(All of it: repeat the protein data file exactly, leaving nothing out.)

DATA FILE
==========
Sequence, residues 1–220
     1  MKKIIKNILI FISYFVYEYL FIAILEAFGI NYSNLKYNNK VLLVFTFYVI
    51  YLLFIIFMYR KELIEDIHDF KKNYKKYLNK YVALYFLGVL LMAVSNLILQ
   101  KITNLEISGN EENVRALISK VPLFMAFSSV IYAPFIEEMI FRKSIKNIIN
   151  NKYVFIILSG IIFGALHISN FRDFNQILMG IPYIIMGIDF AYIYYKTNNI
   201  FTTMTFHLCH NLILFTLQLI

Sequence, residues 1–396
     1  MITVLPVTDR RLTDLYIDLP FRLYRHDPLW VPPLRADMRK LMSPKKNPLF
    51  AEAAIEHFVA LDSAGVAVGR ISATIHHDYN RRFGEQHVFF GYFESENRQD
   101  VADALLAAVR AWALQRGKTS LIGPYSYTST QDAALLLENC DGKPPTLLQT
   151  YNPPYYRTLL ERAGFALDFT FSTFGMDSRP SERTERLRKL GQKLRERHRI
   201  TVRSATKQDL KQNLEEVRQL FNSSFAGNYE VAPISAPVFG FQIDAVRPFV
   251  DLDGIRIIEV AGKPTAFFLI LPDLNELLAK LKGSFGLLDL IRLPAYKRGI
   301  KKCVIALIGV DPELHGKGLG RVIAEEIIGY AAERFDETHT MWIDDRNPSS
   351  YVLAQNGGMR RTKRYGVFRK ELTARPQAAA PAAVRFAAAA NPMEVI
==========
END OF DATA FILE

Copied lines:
Sequence, residues 1–220
     1  MKKIIKNILI FISYFVYEYL FIAILEAFGI NYSNLKYNNK VLLVFTFYVI
    51  YLLFIIFMYR KELIEDIHDF KKNYKKYLNK YVALYFLGVL LMAVSNLILQ
   101  KITNLEISGN EENVRALISK VPLFMAFSSV IYAPFIEEMI FRKSIKNIIN
   151  NKYVFIILSG IIFGALHISN FRDFNQILMG IPYIIMGIDF AYIYYKTNNI
   201  FTTMTFHLCH NLILFTLQLI

Sequence, residues 1–396
     1  MITVLPVTDR RLTDLYIDLP FRLYRHDPLW VPPLRADMRK LMSPKKNPLF
    51  AEAAIEHFVA LDSAGVAVGR ISATIHHDYN RRFGEQHVFF GYFESENRQD
   101  VADALLAAVR AWALQRGKTS LIGPYSYTST QDAALLLENC DGKPPTLLQT
   151  YNPPYYRTLL ERAGFALDFT FSTFGMDSRP SERTERLRKL GQKLRERHRI
   201  TVRSATKQDL KQNLEEVRQL FNSSFAGNYE VAPISAPVFG FQIDAVRPFV
   251  DLDGIRIIEV AGKPTAFFLI LPDLNELLAK LKGSFGLLDL IRLPAYKRGI
   301  KKCVIALIGV DPELHGKGLG RVIAEEIIGY AAERFDETHT MWIDDRNPSS
   351  YVLAQNGGMR RTKRYGVFRK ELTARPQAAA PAAVRFAAAA NPMEVI